For any newbies, let us remind you of the trip invite-pitching cycle with this excellent flow chart…
1. Google it, obviously
If you’ve got a press trip invitation and you’re going to start pitching some editors off the back of it, don’t use that invite or press release as your sole research material. It won’t have nearly enough detail in it for you to be able to send a well-rounded pitch, but it could also be filled with errors. While most PRs will do their best to get it right, we’re all human, so a little fact check before you pitch will serve you well (especially if, like I did in my early days, you’ve unwittingly picked up a too-well-done April Fools press release).
Gather as much relevant and important information as you can before you start writing a pitch. “What if the press trip invitation is just a list of destinations?” I can hear you say. This happens more often than I’d like — you get an invitation to a killer destination, a dream holiday experience perhaps, but there’s nothing more in the detail from the PR than a list of places you’ll be visiting. This is where you have to become a bit of a detective. My first port of call would be to go back to the PR and ask if there’s a specific reason readers should be excited about these places right now. If they’ve got nothing, then you need to do your own digging — look up anniversaries, use local blogs or news websites to find out what’s going on or what’s new in each place (a local Time Out is always a handy resource), and check social media for interesting conversations going on around a destination. Look for unique, unusual angles to incorporate into a story, or look for emerging travel trends and see if there’s any relation to the destinations listed.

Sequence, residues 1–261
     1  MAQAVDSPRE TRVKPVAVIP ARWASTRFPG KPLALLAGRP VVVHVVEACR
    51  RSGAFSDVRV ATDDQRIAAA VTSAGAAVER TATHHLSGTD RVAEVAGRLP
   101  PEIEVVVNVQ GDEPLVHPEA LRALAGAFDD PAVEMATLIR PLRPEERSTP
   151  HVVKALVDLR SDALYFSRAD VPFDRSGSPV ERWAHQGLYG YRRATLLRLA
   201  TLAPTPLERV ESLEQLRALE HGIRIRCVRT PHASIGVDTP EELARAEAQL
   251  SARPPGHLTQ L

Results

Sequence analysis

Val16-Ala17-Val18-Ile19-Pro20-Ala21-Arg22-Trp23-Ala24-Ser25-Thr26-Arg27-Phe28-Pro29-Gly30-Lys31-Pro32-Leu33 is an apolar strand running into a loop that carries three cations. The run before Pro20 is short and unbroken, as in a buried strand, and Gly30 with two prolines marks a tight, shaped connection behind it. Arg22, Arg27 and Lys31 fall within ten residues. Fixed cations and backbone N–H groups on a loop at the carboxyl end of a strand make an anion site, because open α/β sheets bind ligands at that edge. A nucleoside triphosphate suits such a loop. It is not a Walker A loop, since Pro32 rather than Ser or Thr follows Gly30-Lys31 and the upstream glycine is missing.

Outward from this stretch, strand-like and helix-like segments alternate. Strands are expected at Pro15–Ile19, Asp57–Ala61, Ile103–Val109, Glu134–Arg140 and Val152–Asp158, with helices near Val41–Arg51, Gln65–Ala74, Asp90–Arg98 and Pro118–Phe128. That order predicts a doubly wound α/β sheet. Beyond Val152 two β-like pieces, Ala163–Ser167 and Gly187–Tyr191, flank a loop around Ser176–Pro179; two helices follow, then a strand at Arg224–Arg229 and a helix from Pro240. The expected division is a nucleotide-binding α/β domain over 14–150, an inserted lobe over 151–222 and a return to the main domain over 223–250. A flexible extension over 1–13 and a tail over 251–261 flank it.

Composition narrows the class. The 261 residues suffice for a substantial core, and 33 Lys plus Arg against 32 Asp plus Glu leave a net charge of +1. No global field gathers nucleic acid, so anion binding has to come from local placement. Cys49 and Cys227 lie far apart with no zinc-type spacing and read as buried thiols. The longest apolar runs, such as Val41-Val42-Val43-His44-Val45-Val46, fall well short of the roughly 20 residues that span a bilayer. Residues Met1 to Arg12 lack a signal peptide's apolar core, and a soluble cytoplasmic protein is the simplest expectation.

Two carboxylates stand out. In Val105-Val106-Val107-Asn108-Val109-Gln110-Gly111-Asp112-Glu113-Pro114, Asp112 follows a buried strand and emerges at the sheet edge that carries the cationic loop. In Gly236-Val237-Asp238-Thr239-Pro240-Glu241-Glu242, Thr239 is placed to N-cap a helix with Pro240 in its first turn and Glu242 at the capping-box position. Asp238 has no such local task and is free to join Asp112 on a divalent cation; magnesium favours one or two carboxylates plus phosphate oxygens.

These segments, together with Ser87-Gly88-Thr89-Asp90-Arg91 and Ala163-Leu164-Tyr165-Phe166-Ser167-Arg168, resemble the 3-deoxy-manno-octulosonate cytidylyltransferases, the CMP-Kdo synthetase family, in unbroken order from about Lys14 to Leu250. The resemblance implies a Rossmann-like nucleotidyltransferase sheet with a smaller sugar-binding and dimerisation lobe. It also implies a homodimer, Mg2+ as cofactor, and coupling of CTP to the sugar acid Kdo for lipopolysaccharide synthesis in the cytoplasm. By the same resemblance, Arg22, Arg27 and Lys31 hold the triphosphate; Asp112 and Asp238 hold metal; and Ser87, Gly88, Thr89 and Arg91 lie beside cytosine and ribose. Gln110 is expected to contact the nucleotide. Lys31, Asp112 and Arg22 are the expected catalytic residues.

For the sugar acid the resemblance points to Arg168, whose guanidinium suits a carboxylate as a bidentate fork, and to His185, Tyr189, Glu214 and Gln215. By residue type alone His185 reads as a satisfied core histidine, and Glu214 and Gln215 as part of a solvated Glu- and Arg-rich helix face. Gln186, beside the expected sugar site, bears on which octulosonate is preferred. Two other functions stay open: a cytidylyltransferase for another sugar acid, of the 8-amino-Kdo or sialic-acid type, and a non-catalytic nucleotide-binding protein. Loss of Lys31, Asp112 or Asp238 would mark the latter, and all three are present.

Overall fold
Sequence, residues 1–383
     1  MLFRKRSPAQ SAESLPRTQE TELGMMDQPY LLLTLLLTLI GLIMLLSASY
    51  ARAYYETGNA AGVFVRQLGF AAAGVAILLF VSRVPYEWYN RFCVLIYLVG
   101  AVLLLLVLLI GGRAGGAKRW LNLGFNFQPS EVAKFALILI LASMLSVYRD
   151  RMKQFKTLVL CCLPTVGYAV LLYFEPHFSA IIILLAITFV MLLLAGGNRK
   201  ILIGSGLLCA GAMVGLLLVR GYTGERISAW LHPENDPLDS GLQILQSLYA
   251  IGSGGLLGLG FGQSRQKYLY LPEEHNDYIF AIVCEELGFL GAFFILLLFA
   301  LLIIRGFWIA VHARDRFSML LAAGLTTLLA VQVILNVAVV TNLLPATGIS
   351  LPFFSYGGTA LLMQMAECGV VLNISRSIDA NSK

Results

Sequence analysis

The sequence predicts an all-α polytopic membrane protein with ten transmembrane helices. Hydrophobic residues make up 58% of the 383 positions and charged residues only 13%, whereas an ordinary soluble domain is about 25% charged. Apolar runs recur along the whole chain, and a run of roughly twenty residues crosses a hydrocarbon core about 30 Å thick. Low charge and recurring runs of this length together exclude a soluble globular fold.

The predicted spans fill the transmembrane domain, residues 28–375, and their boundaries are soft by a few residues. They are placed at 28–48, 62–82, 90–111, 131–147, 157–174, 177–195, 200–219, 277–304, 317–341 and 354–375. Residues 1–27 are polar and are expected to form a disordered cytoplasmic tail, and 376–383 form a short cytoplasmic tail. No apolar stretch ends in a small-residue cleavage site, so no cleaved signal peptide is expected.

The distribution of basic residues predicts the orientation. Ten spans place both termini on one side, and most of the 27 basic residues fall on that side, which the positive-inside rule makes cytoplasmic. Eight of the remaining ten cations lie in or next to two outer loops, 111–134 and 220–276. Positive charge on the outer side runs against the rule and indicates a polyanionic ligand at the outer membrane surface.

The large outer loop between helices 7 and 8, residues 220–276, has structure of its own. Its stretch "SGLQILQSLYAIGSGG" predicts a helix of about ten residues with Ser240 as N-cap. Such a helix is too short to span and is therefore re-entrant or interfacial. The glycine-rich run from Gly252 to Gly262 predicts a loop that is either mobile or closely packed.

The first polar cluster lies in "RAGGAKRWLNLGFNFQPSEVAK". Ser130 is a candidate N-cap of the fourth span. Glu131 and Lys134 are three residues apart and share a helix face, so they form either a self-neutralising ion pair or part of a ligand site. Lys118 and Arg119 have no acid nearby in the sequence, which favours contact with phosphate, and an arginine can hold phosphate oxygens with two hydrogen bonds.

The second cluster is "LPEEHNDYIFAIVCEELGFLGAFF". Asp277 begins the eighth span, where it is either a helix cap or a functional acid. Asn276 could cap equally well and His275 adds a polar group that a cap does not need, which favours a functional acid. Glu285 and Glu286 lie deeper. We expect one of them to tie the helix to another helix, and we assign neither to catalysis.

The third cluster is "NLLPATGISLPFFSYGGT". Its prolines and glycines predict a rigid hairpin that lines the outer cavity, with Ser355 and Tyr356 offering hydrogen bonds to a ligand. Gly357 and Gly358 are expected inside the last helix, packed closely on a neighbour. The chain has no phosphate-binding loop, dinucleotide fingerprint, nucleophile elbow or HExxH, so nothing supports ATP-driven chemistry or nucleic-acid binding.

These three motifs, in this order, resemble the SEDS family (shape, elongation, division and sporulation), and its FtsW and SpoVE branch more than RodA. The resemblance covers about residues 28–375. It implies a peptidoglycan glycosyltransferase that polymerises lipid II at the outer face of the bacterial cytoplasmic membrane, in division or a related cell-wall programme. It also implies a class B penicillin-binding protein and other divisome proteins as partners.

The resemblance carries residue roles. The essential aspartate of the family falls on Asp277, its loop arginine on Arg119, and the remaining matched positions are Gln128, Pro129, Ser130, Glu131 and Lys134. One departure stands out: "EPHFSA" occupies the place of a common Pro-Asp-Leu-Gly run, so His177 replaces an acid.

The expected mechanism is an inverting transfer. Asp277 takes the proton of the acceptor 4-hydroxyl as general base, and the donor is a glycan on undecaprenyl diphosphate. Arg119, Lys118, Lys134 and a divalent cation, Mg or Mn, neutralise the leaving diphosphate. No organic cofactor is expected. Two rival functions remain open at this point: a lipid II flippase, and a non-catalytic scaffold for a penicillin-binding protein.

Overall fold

2. Craft your headline
All good pitches need good headlines, and if you can write a gripping oh-my-god-I-need-to-read-this-article headline for your piece, the editor is far more likely to read on. Can’t think of a good headline? Then maybe your story just isn’t worth pitching at all…
3. Remember the golden rules of pitching
We’ve written a lot about pitching in the past, so here’s a reminder about what we’ve said in previous newsletters…
We’ve got pitching tips aplenty in this newsletter from November 2020
We also covered pitching press trip stories here with Telegraph editor Penny Walker (who’s currently on mat leave, so don’t all pitch at once!)
🔒 Want to see our best and worst pitches? We shared them here
Pitching guidelines are your friend, so we’ve listed a bunch here